Cancer broke me

Survivors need to know that they’ll be forever changed by the disease

Courtesy Of Jim Miner

Kelli Guerriero is the event producer and executive assistant to SN&R’s CEO.

I walked toward my family after the bone-marrowbiopsy, knowing that my diagnosis of leukemia had irrevocably been confirmed. Proudly self-sufficient throughout adulthood, I suddenly had lost complete control of my life. Cancer was my new king, and only a rebellion led by princely oncologists and aided by noble nurses could overthrow the tyrannical father. Me? Without control, I was the peasant’s bastard child left to beg for scraps.

For the most part, the doctors were wonderful in explaining what I could expect. They acknowledged that they didn’t have all the answers. I was about to embark on a debilitating and painful course of treatment that would last for months and by no means guarantee the eradication of my cancer.

A tube was surgically inserted into the major vein that carries blood from my upper body and back to my heart to facilitate the injection of toxic chemotherapy drugs. My long, thick black and red hair fell out. Another side effect was the crippling pain in my joints, similar to rheumatoid arthritis, or so I was told. I was prescribed enough different medications to start my own personal pharmacy.

My blood chemistry was watched closely. I received many transfusions. I learned more about blood-cell counts than I ever wanted to know. When the white cells were low, for example, I learned that the risk of serious infection increased. Cancer can be beat as long as the cure doesn’t kill you, which is a very real possibility. This reality was brought home by scary questions from doctors.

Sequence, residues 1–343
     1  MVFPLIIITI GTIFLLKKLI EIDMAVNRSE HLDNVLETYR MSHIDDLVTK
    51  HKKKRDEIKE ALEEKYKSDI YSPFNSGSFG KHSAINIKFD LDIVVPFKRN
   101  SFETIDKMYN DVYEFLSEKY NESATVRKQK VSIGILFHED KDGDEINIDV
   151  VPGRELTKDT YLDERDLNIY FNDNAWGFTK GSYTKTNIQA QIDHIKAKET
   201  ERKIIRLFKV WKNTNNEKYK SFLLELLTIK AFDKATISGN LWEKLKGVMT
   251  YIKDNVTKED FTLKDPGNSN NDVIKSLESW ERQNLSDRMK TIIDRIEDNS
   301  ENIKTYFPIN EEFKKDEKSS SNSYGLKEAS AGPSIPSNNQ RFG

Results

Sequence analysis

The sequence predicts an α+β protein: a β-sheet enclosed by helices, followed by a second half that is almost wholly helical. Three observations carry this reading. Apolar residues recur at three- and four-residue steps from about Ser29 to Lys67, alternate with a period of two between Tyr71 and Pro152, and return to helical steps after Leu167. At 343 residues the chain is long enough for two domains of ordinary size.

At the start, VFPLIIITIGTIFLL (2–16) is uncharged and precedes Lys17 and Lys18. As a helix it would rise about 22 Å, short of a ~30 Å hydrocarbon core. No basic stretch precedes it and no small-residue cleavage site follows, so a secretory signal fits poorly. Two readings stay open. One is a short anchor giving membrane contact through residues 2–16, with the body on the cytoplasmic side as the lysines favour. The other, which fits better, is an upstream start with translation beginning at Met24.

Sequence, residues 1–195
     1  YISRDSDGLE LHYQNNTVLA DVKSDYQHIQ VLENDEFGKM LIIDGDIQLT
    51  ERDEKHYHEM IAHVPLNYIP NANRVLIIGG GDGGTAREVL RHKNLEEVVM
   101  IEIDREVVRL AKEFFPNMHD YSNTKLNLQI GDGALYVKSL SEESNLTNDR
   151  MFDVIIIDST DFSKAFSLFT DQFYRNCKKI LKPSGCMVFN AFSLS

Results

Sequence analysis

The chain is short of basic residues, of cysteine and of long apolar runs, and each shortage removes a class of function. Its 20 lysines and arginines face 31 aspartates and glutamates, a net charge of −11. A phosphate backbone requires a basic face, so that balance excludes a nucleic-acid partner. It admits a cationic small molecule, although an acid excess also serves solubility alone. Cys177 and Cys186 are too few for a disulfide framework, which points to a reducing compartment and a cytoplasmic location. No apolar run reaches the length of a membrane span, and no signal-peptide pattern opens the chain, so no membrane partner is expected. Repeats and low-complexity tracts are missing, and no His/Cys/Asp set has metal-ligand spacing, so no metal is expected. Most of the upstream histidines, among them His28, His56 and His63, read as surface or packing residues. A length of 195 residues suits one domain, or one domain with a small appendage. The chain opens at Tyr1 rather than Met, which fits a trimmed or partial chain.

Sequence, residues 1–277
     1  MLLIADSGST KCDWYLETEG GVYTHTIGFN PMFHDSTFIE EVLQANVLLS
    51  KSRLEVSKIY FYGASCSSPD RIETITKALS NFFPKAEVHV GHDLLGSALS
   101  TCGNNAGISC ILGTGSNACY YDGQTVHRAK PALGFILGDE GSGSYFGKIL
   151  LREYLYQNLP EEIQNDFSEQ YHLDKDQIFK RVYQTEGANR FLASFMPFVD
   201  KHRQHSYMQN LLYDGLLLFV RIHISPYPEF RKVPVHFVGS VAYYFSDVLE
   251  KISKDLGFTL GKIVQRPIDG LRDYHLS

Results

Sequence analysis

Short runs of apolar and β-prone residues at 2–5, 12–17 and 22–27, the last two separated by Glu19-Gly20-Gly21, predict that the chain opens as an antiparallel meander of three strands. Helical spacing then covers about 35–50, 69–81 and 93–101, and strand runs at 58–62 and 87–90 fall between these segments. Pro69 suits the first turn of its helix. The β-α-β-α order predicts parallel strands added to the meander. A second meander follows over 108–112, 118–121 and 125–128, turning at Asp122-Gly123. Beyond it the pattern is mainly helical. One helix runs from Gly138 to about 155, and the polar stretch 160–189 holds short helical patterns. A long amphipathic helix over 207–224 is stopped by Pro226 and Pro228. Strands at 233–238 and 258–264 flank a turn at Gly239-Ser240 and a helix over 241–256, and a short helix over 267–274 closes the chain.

“If you stop breathing,” my doctor asked, “do you want us to intubate you to save your life?”

“Hell yeah,” I replied. “I’m only 28. I just need a few minutes to catch my breath.”

Little did I know how much that would mean a few months later.

In August, after my third chemotherapy treatment left me with no white blood cells, I developed sepsis, a serious infection resulting from a weakened immune system. The intensive-care unit doctors told my family that controlling the infection was out of their hands, and my loved ones watched over me day and night as I fought for my life. My blood pressure fluctuated wildly. A dangerously high fever ravaged my body for nearly six days.

When I opened my eyes nine days later, my mom and my friend Rob were standing over me. I couldn’t recall what had happened. Talk about losing control: I had lost more than a week of my life! I was miserable. The respirator tube caused a horrible, constant gagging sensation that prevented me from speaking. I made a writing motion and was given a pen and paper. But I had lost so much muscle control that my hands wouldn’t work right. Besides, they were tied to the bed.

Seeing the frustration in my face, my mom and Rob started to play alphabet charades—the one thing I could do was nod my head. As they called out letters, I nodded yes or no and eventually we were able to spell out “R-O-O-T.”

They looked at each other strangely and simultaneously asked, “Root canal?”